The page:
There were three webinars announced during the week of October 19. For more information about recently announced field days, visit here.
October 28 | Cover Crops for Better Corn and Soybeans
Learn how cover crops can be a win-win for cash crops and the environment. During this webinar, Sarah Carlson, Strategic Initiatives Director at Practical Farmers of Iowa, will share research results about how cover crops can help farmers grow better corn and soybean crops, while also protecting water quality and improving soil health.
October 29 | Touring Iowa’s Forests
The virtual field day will offer an opportunity to tour common forest types and explore the value they bring to the landscape with Billy Beck, Iowa State University Assistant Professor and Extension Forestry Specialist, Joe Herring, Iowa Department of Natural Resources District Forester, and Riggs Wilson, Wildlife Management Institute Forester. From floodplain forests to working trees in a windbreak, trees provide a variety of ecosystem services like wildlife habitat and improved water quality as well as the potential to harvest trees for added economic value. The field day will also highlight the importance of management for long-living, healthy forests.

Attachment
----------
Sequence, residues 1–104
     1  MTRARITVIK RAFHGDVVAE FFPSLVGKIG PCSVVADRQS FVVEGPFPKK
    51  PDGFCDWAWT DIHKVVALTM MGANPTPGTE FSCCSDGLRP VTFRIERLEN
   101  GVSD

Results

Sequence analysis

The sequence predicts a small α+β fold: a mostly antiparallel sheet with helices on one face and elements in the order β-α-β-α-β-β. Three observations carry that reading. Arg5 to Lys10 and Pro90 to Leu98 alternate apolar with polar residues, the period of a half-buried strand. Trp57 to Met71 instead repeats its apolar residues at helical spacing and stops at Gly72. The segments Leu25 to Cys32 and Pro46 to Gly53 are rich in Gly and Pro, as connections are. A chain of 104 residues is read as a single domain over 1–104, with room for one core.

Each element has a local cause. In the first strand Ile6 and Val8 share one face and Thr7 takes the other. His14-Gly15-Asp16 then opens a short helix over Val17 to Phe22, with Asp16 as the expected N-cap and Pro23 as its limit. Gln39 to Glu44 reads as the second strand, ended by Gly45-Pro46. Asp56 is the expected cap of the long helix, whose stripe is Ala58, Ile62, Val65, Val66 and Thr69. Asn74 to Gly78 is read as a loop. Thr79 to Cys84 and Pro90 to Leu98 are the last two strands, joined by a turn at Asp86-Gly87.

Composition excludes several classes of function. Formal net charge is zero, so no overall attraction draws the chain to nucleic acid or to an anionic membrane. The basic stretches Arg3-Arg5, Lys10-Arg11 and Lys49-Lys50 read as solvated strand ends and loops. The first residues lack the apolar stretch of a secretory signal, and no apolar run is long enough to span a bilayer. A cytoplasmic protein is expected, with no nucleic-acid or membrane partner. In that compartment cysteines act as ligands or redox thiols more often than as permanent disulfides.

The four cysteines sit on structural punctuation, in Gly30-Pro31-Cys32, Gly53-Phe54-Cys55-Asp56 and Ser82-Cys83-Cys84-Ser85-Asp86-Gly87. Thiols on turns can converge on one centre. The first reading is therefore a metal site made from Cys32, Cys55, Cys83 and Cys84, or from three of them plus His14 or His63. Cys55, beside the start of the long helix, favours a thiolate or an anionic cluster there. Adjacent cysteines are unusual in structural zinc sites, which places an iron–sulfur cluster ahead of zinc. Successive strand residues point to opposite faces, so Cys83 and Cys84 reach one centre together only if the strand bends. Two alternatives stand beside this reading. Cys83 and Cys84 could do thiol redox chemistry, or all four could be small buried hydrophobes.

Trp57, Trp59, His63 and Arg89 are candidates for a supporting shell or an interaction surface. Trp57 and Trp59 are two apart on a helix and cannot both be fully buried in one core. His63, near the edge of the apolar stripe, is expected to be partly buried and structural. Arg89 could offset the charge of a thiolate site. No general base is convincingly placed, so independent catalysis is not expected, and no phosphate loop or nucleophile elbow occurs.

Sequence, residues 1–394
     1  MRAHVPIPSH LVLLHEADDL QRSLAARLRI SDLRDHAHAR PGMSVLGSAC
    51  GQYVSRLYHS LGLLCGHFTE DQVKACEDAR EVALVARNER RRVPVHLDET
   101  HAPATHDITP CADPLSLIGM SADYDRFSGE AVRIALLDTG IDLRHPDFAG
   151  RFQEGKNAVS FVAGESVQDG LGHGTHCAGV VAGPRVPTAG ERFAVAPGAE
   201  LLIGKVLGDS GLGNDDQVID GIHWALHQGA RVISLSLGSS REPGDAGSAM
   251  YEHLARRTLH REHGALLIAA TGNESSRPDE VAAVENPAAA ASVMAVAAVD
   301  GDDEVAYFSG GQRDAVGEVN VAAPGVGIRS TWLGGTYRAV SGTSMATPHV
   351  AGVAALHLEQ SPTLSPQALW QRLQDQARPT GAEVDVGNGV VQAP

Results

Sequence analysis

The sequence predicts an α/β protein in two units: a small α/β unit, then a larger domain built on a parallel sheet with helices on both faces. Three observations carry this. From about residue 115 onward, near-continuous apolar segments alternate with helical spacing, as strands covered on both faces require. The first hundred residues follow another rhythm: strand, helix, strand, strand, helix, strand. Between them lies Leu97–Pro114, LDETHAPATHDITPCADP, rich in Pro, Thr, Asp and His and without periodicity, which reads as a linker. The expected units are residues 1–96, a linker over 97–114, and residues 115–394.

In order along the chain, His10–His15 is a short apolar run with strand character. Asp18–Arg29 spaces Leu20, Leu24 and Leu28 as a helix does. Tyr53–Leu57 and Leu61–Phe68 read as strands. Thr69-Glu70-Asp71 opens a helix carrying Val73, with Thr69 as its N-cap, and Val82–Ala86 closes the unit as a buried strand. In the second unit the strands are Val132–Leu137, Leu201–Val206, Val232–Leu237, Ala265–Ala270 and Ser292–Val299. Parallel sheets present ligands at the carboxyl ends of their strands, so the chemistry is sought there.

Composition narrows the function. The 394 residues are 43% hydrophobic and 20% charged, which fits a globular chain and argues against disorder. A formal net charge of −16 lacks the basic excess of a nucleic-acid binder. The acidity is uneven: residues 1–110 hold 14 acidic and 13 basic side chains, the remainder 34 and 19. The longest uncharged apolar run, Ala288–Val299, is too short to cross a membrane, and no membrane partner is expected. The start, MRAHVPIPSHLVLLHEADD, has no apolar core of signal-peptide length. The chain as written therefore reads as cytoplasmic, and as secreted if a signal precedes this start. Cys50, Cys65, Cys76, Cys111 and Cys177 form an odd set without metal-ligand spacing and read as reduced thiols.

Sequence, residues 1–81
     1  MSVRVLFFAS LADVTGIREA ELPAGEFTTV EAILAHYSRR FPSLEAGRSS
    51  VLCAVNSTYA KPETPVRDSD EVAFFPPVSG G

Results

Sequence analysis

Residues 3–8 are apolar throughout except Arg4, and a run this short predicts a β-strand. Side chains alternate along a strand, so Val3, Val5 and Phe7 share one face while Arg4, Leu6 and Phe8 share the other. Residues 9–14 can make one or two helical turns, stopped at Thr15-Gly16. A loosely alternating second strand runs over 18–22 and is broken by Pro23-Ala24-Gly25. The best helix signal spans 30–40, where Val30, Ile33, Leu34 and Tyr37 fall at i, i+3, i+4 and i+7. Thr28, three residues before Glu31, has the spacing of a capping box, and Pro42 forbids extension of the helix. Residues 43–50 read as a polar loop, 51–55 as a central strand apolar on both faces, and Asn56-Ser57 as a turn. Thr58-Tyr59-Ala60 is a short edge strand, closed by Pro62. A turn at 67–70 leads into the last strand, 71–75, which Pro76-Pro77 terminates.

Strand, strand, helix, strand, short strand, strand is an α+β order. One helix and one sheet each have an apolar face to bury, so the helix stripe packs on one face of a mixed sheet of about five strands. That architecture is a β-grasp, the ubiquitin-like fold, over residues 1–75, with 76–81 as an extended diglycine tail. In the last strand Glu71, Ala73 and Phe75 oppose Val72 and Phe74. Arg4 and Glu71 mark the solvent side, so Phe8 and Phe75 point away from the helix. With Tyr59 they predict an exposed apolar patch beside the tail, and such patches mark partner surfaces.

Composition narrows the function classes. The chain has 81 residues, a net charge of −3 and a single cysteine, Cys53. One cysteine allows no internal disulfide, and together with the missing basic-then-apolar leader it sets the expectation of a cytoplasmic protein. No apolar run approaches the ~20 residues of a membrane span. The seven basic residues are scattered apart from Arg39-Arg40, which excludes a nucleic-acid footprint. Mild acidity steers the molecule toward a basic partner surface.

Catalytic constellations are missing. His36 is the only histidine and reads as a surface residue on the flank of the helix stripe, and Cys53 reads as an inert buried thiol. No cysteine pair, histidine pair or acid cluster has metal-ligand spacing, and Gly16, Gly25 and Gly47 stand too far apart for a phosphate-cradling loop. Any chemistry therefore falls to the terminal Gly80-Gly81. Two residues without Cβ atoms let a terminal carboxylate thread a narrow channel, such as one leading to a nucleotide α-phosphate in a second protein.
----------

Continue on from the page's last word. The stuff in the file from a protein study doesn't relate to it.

November 5 | Exploring Impacts of Cover Crops, Tillage and N-Inhibitors on Crop Performance and Water Quality
Join us for a live conversation with Matt Helmers, Director of the Iowa Nutrient Research Center, Emily Waring, Graduate Research Assistant, and Carl Pederson, Agricultural Specialist in Agricultural and Biosystems Engineering at Iowa State University. Since 1989, research focused on the effects of nitrogen (N) management on crop production and tile drainage water quality has been conducted in north-central Iowa near Gilmore City. In 2010, the treatments were changed to examine the impacts of cereal rye winter cover crop vs. no rye (with and without tillage), conventional tillage vs. no-till, and timing of N-application and use of nitrification inhibitor. Through extensive data collection and monitoring, the team is measuring the impact of these practices on nitrogen and phosphorus loss and crop yield.